The ultimate limits of chaos-based asynchronous direct-sequence code-division multiple access systems are investigated using the concept of capacity taken from information theory. To this aim, we model-the spreading at the transmitter and the sampling of the incoming signal at the receiver with a unique linear multi-input multi-output transfer function. We then assume the existence of a coding/decoding pair that is able to transmit information through this channel with a vanishing error probability. The capacity of the system is then identified with the maximum rate at which such an errorless link may operate. The capacity is a random quantity depending on the spreading sequences and, due to the asynchronism, on the users relative delays and phases. We then compare different spreading strategies [classical m and Gold codes, independent identically distributed (i.i.d.) and chaos-based codes] in terms of expected performance as well as of the probability that one method outperforms another. To ease further analytical investigations that should cope with expectations of logarithms, we measure capacity not only in bits per use but also in codewords per use. Some formal results along with extensive numerical evidence show that this does not alter the performance ranking. Such a ranking shows that chaos-based spreading always outperforms i.i.d, spreading and those trying to mimic it. This aligns with and complements what was already known about the ability of chaos-based techniques of minimizing multiple access interference. © 2004 IEEE.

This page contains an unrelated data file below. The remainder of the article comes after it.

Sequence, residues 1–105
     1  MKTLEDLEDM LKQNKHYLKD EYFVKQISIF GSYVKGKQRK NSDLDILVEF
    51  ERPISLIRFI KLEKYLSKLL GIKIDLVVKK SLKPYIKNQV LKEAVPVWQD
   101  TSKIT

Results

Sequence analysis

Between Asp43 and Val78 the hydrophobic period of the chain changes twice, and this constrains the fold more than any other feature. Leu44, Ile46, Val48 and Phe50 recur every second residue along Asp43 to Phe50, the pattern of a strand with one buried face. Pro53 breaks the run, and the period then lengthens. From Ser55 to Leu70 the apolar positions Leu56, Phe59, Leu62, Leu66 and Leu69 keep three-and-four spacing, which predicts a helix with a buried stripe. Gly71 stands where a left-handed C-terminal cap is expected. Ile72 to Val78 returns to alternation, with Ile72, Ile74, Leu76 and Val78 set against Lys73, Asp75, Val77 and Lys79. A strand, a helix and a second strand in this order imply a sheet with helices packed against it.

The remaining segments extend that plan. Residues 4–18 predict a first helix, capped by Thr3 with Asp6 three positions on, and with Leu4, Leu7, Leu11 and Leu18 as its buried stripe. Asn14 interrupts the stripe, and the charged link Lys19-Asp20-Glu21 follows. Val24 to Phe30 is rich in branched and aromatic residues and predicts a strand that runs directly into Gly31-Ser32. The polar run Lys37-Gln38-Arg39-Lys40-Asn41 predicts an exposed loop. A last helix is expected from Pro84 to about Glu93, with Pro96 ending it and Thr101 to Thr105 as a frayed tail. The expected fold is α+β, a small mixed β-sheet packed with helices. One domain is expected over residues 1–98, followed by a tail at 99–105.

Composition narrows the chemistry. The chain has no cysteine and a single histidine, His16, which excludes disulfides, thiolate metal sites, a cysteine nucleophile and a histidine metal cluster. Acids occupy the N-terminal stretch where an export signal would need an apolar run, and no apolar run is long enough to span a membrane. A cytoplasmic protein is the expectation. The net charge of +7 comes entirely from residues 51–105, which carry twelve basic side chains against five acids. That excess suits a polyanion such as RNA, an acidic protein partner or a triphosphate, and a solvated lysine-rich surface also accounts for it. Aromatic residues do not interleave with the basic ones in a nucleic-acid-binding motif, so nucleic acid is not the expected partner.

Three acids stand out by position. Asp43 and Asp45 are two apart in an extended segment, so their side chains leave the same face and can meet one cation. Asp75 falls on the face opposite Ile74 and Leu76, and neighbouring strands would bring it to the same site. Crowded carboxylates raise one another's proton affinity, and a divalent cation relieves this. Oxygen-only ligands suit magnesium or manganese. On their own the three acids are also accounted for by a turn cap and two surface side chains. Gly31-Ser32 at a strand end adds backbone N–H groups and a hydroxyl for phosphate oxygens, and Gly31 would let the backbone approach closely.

|Original language||English (US)|
|Number of pages||12|
|Journal||IEEE Transactions on Circuits and Systems I: Regular Papers|
|State||Published - Jan 1 2004|
Bibliographical noteGenerated from Scopus record by KAUST IRTS on 2023-02-15
ASJC Scopus subject areas
- Electrical and Electronic Engineering